At first, it was great. Then, it gradually went sour. He was just too clingy. He not only held me, he smothered me. He not only kissed me, he suffocated me. He not only communicated with me, he talked me to death. I didn't know what to do. He took a comfortable relationship, and turned it into hell. I tried endlessly to politely ask him to ease off a little, but it did nothing. When it finally got through, he wouldn't touch me at all. Once I gave permission to touch me, fearing I had been too harsh, the smothering was back. There was no balance.
So, I tried to break up with him, many times. Each time, he would say things like, “It'll be okay, though.” He would try to fix any of the issues I listed. If I told him it didn't feel right, anymore, he suggested it would, eventually. If I tried to tell him I just didn't want to, anymore, he said everything would be okay. Finally, I just had to tell him, online, that it was over. Yes, it was after we had just seen each other, and he had tried to talk me out of it, for the hundredth time. He said he was okay with it, but of course, he wasn't. It was a one-sided relationship. Each relationship needs room to breathe. Suffocation is not healthy, and if you can't be honest with your partner without them trying to twist your words to suit their needs, that is abusive, too.
- Abusers turn everything around on you.
I ended up dating Insecure Guy's friend, a few months after ending the relationship. I didn't see it coming. It just happened. We had met at a party when I was dating Insecure Guy. You see, after Insecure Guy and I had broken up, we would still hang out a lot, but then he just didn't talk with me for a few weeks. I was angry, and depressed. The Blamer comforted me. We got along well. Insecure Guy had said The Blamer and I had a lot in common, anyway. Of course, he didn't intend for us to date.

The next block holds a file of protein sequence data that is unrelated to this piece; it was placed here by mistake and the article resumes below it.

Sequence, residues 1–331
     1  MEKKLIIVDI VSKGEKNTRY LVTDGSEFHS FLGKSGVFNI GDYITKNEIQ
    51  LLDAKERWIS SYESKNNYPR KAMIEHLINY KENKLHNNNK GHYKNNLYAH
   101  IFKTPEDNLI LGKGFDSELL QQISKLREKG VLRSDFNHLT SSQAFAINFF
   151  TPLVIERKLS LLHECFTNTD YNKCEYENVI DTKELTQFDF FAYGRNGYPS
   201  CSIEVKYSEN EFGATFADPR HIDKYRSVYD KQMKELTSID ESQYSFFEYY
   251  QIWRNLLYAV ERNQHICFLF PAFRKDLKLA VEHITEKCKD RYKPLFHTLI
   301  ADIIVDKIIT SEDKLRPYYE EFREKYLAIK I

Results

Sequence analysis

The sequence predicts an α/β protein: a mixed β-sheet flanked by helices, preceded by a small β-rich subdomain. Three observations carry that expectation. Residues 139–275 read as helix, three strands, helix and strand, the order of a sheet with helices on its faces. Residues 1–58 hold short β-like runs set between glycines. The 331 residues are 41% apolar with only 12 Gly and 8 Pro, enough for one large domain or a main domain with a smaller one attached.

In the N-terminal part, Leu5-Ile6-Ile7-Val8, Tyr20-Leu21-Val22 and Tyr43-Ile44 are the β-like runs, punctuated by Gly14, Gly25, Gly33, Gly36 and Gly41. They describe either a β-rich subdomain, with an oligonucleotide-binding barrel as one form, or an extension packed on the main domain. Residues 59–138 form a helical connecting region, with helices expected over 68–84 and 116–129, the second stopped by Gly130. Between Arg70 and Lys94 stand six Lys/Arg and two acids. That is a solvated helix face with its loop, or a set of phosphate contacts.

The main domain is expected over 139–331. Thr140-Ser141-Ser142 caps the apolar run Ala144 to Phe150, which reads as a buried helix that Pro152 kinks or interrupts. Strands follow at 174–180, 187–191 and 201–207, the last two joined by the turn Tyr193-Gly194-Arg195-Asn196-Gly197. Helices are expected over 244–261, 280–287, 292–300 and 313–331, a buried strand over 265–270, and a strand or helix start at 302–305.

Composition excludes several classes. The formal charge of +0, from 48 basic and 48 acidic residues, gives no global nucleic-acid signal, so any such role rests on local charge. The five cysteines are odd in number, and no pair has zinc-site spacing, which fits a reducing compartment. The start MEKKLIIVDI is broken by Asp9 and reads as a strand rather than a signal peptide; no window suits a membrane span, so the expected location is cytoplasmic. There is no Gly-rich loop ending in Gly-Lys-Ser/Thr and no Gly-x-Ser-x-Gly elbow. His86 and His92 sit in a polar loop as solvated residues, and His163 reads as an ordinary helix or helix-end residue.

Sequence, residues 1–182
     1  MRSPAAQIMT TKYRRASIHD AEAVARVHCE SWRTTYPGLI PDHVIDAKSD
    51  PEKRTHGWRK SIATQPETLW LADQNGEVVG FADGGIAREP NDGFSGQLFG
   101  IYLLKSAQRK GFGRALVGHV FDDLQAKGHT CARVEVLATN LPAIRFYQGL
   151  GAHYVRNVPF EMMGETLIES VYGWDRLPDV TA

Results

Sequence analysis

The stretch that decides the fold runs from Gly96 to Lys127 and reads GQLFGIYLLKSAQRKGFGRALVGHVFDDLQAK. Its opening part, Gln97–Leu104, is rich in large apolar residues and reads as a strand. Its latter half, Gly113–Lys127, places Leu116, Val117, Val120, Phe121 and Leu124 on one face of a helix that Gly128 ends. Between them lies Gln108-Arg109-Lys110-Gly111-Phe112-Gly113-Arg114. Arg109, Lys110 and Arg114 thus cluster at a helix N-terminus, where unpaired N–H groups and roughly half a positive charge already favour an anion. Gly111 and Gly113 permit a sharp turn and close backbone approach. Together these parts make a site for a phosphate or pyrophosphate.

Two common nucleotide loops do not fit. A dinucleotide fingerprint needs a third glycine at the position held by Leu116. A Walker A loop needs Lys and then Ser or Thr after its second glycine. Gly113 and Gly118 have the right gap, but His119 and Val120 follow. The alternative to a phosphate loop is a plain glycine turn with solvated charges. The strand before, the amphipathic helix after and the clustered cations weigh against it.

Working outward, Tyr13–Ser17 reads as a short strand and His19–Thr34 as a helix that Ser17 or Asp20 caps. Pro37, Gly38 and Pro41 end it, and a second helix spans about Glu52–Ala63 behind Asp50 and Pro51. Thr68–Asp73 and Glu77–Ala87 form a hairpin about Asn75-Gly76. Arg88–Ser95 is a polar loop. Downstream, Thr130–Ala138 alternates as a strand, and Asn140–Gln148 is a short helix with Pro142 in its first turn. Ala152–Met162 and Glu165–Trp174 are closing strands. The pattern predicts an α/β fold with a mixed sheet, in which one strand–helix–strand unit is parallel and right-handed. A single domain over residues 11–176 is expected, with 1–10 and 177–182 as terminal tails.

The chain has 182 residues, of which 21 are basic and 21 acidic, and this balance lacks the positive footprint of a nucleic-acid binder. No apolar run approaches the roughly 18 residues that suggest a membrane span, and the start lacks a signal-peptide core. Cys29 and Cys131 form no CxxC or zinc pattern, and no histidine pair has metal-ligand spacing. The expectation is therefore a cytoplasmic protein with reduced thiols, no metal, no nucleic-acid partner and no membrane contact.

When we first began hanging out, Insecure Guy lost it. The Blamer text me shortly after our first hang out, telling me, “He saw the picture you took of us, came into my room, and screamed at me for hanging out with you.” I liked The Blamer for longer than I cared to admit. I didn't think he would like me back, but he did. So, we ended up together. After we made it official, I met up with Insecure Guy to tell him, and he didn't freak out on me. He simply agreed that we have a lot in common, but it took a while before he stopped being angry at The Blamer. Did I mention they were roommates?
In any event, The Blamer is fond of biting. By biting, I don't mean enjoyable biting. I mean, he just has to bite people. He does it painfully, too. I attempted to talk with him about it, politely, numerous times, throughout the course of our dating. At first, he would apologize and swear not to do it, again, but he always did. Then, it soon turned into an opportunity for guilt. “Stop making me feel bad,” he'd tell me. After almost eight months, and about a month after I finally fell in love with him, he broke it off, after not speaking to me for about two weeks. Insecure Guy informed me that he had confessed he had been trying to break up with me for a while. Who knew not speaking and not actually breaking up with someone is a form of trying to break up with someone? In addition, he had become interested in someone else he barely knew.
Since I can't possibly fit the next stories in this article, it will be in part two. The first section of part two stems from part one, so if you're interested, please keep reading onto part two.